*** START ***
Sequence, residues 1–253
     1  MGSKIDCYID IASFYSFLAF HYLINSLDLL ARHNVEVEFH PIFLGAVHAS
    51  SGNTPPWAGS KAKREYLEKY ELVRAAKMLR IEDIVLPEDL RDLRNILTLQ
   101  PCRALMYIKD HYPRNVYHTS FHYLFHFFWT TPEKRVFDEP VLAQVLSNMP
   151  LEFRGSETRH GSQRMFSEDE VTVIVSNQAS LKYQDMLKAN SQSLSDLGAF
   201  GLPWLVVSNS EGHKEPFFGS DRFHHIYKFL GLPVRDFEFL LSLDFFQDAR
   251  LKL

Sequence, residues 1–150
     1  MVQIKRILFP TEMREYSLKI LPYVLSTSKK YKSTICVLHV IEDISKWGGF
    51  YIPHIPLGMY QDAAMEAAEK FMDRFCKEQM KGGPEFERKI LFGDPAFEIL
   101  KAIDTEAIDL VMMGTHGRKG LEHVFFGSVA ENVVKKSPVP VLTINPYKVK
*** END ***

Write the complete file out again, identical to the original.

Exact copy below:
Sequence, residues 1–253
     1  MGSKIDCYID IASFYSFLAF HYLINSLDLL ARHNVEVEFH PIFLGAVHAS
    51  SGNTPPWAGS KAKREYLEKY ELVRAAKMLR IEDIVLPEDL RDLRNILTLQ
   101  PCRALMYIKD HYPRNVYHTS FHYLFHFFWT TPEKRVFDEP VLAQVLSNMP
   151  LEFRGSETRH GSQRMFSEDE VTVIVSNQAS LKYQDMLKAN SQSLSDLGAF
   201  GLPWLVVSNS EGHKEPFFGS DRFHHIYKFL GLPVRDFEFL LSLDFFQDAR
   251  LKL

Sequence, residues 1–150
     1  MVQIKRILFP TEMREYSLKI LPYVLSTSKK YKSTICVLHV IEDISKWGGF
    51  YIPHIPLGMY QDAAMEAAEK FMDRFCKEQM KGGPEFERKI LFGDPAFEIL
   101  KAIDTEAIDL VMMGTHGRKG LEHVFFGSVA ENVVKKSPVP VLTINPYKVK